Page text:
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Chapter 29--Examples. Problem.

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Problem

- Derive the equation relating the total charge Q that flows through a search coil (Conceptual Example 29.3 in Section 29.2) to the magnetic field B. The search coil has N turns, each with area A and the flux through the coil is decreased from its initial value to zero in a time Dt. The resistance of the coil is R and the total charge is Q=I Dt where I is the average current induced by the change in flux

From Example 29.3

- A search coil is a practical way to measure magnetic field strength. It uses a small, closely wound coil with N turns. The coil, of area A, is initially held so that its area vector A is aligned with a magnetic field with magnitude B. The coil is quickly pulled out of the field or rotated.
- Initially the flux through the field is F=NBA. When it leaves the field or rotated, F goes to zero. As F decreases, there is a momentary induced current which is measured. The amount of current is proportional to the field strength.

Solution

- EMF=-DF/Dt
- DF=F2–F1
- Where F1 =NBA and F2 =0
- DF=-NBA
- EMF=NBA/Dt
- V=iR where V=EMF
- EMF=NBA/Dt=iR
- i=NBA/RDt
- Q=iDt=NBA/R

Part B

- In a credit card reader, the magnetic strip on the back of the card is “swiped” past a coil within the reader. Explain using the ideas of the search coil how the reader can decode information stored in the pattern of magnetization in the strip.

Solution

- The card reader contains a search coil.
- The search coil produces high EMF and low EMF as the card is swiped.
- A high EMF is treated as a binary 1 and a low EMF is treated as a binary 0
- Ascii information (character codes between 1 and 64) can be stored there in a few bits (6-bits or 26).

Problem

A circular loop of flexible iron wire has an initial circumference of 165 cm but its circumference is decreasing at a rate of 12 cm/s due to a tangential pull on the wire. The loop is in a constant, uniform magnetic field oriented perpendicular to the plane of the loop and with a magnitude of 0.5 T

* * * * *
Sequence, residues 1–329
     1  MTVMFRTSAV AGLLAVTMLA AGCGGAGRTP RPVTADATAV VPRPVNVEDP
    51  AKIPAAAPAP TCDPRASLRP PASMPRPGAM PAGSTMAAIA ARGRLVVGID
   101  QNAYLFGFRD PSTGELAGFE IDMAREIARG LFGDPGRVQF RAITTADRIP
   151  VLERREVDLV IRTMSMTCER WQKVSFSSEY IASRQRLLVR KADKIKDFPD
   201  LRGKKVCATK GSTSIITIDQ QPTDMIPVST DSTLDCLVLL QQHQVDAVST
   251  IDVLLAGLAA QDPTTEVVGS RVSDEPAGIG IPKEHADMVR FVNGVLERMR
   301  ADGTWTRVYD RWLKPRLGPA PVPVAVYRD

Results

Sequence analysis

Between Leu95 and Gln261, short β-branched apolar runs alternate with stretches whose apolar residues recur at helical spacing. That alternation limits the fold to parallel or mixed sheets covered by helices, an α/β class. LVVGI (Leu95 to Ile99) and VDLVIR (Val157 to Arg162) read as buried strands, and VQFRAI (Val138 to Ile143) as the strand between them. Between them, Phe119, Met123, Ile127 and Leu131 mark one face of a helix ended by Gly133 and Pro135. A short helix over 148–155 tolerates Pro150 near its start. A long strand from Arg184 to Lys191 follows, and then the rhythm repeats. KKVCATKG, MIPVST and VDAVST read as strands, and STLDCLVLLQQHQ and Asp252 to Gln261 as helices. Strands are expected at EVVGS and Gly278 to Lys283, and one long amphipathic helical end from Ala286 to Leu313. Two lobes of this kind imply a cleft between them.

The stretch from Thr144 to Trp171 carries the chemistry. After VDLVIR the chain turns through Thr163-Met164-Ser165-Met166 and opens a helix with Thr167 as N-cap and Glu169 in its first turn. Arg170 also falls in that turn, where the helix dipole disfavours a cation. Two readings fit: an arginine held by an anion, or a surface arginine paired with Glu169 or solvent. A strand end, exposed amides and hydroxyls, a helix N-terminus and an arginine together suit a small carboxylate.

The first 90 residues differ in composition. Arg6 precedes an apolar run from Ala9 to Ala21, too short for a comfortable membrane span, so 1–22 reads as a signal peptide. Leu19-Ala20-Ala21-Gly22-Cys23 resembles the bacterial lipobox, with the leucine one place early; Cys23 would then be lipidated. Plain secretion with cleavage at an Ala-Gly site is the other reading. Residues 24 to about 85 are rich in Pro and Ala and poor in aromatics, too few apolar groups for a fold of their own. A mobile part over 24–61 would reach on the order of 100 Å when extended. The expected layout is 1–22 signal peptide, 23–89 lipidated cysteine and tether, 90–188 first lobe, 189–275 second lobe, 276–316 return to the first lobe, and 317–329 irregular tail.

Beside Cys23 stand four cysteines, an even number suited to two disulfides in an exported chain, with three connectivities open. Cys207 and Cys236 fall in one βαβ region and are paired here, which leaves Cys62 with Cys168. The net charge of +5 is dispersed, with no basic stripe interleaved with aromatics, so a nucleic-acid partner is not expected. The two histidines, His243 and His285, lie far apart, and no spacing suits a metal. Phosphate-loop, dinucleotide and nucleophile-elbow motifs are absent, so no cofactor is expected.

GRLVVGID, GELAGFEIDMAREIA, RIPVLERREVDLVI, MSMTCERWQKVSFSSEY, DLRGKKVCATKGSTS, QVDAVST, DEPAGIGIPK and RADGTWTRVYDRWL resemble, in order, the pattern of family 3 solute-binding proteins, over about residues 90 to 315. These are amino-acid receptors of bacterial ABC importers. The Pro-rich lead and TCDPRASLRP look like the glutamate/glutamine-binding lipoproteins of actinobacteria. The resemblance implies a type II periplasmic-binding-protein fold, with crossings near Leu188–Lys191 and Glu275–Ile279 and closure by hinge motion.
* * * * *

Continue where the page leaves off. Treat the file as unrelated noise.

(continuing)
- Find the EMF induced in the loop at the instant when 9 s have passed.
- Find the direction of the current in the loop as viewed looking in the direction of the magnetic field.

EMF=-DF/Dt=-B*DA/Dt

- F=BA
- dF/dt=BdA/dt
- c=2pr so A=pr2
- r=c/2p so A=c2/4p
- dA/dt=d/dt(c2/4p)= (2c/4p)dc/dt
- dF/dt= B(c/2p)dc/dt
- Where B=0.5
- dc/dt=0.12 m/s
- At 9s, c=1.65-.12*(9s)=0.57 m
- dF/dt=5.44 x 10-3 V
- Since F is decreasing, the EMF is positive. Since EMF positive, point thumb along A and look at fingers.
- They curl counterclockwise.

Problem

Suppose the loop in the figure below is

- Rotated about the y-axis
- Rotated about the x-axis
- Rotated about an edge parallel to the z-axis.

What is the maximum induced EMF in each case if A=600 cm2, w=35 rad/s, and B=.45T?

Case b—rotating about the x-axis

- The normal to the surface is in the same direction as B during this rotation. Thus BA=constant
- d/dt(constant)=0 so EMF=0

Problem

The figure below shows two parallel loops of wire having a common axis. The smaller loop (radius r) is above the larger loop (radius R) by a distance x>>R. Consequently, the magnetic field due to current i in the larger loop is nearly constant throughout the smaller loop. Suppose that x is increasing at a constant rate, v.

- Determine the magnetic flux though area of the smaller loop as a function of x.
- In the smaller loop find
- The induced EMF
- The direction of the induced current.

Radius=r

Radius=R

x

i

Magnetic Field of a Circular Loop

By the RH Rule, the field is upward in the small ring

Direction of current

- Assume that normal to smaller loop is positive upwards
- B, then, is in positive direction
- But F is decreasing or has a negative d dF /dt
- A negative * negative=positive so EMF is +
- RH Thumb in up direction, fingers curl counter clockwise!

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